He chuckled. “Oh, my darling Jasmine,” he told her, “it is good that you are wiser than I. Come, and let us enjoy the day. We will bid our friends and family farewell, and be gone from this place. There is too much strife here, I regret, with Buckingham deciding the queen is his enemy and the French king sending a diplomat to sort out what the hell is going on that our king, and his pretty little queen, cannot get along. And the Puritans are gaining more influence and power every day. They will be trouble, mark my words. There is nothing worse than someone who truly believes his way is the only way and everyone must conform, or be punished, or perish. I shall be glad to be back in my highlands at Glenkirk. I do not think I will come to London again. By the way, have you spoken to your aunt Willow yet about some young men for India. I want her married as soon as possible. Let her be her husband’s problem. We have one more daughter and five lads to settle before our job is done,” he concluded with a chortle.
“Do you honestly believe that marrying them off absolves us of our parental responsibilities?” Jasmine asked. “I do not care how old they get, they will always be our children, and we will always care what happens to them, Jemmie Leslie!”
“But they’ll be out of the house,” he reminded her cheerfully.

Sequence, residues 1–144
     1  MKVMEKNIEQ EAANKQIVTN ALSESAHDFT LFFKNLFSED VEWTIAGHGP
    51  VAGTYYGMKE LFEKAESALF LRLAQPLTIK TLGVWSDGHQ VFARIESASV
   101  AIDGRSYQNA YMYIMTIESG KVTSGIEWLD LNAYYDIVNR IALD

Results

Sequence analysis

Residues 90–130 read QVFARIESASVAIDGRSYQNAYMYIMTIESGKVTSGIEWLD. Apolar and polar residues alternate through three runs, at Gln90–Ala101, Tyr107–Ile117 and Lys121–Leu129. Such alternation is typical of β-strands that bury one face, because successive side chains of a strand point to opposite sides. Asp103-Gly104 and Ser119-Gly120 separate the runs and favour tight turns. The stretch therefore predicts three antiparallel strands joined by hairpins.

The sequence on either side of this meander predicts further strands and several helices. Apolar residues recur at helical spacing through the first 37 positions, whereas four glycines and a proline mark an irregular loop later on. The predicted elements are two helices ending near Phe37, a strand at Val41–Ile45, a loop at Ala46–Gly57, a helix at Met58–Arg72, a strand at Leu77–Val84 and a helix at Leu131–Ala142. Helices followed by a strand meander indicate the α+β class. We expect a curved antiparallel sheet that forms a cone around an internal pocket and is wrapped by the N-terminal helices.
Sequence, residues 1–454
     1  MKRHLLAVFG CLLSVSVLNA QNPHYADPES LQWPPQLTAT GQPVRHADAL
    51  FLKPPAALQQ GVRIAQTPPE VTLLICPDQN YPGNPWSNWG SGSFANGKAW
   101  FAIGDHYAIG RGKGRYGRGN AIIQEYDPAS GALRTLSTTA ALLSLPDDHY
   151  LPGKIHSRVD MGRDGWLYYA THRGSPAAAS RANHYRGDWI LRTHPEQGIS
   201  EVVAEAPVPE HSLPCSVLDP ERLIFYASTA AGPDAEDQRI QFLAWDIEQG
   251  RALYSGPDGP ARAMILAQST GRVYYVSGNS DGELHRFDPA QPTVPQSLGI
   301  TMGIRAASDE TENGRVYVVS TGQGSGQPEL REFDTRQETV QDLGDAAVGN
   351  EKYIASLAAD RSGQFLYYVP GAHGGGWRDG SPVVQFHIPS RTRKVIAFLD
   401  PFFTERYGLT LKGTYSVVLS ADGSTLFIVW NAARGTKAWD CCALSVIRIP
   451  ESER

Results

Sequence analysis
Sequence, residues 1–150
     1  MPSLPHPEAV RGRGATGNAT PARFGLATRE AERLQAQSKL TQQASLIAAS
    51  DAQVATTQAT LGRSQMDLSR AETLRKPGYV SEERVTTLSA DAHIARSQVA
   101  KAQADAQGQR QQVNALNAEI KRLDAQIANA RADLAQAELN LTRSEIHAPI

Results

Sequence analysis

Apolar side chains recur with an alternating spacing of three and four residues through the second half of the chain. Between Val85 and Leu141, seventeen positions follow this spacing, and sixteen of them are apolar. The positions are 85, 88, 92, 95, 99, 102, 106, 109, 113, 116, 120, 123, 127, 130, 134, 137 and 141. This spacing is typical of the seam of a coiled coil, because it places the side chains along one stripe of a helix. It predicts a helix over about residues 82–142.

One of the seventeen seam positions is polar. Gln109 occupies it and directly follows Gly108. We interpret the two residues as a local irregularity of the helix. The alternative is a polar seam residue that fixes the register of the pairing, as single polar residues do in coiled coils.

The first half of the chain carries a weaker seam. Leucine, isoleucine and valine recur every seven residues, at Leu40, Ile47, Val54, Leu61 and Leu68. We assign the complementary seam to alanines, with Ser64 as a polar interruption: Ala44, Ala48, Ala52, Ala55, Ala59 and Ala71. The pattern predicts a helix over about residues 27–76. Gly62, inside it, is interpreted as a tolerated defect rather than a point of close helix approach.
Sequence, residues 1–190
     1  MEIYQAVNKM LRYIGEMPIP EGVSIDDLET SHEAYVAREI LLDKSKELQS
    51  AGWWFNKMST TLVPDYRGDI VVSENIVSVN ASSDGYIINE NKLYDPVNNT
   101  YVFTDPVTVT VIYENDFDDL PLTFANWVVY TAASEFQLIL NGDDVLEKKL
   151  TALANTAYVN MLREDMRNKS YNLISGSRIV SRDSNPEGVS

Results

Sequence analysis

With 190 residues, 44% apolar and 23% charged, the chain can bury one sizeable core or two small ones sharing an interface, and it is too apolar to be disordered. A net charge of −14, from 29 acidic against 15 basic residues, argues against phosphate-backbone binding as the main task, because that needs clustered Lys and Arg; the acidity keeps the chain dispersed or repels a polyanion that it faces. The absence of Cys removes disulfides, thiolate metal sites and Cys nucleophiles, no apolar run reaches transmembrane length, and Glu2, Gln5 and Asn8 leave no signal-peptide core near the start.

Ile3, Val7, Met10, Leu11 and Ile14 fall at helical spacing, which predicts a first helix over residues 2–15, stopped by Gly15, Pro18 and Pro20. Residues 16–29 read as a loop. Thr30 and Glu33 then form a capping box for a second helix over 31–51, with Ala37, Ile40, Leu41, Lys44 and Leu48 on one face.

They spent their day making their farewells, and James Leslie was pleased to see India awaiting them at the riverside quai without Viscount Twyford in tow when they were ready to depart. It was just dusk when they reached Greenwood House. Once inside, India asked her brothers to bring down her trunks and place them in the front hall.
“But, dearest,” her mother said, “we are not going until Tuesday morning. There is no hurry.”
“Papa is always saying that I am tardy, and that I keep everyone waiting and make them late being behind with my packing. I decided this time to be ready before all of you. I even had the laundress do my laundry yesterday so she would not be overburdened. I want to see my trunks here in the hall, Mama.” Then she giggled charmingly. “It may be the only time in my life I am ahead of Papa’s schedule.”
“Well, go and get your sister’s trunks,” James Leslie commanded his sons. “If she is ready now, she deserves the credit for it, and we shall all look admiringly upon her trunks here tomorrow as we pack our own clothing for our departure.”
India smiled sweetly at her father as her brothers brought down her luggage. “I was very rude to you today, Papa. I apologize for my discourteousness, but I do not ask your pardon for loving Adrian, even if you won’t let us marry. I think you are being very unfair. You will not even give him a chance, but hold him responsible for the bad behavior of his mother and half-brother. It is wrong, Papa, and I am ashamed that you would do such a thing. You have always been a fair-minded man until now.” She curtsied.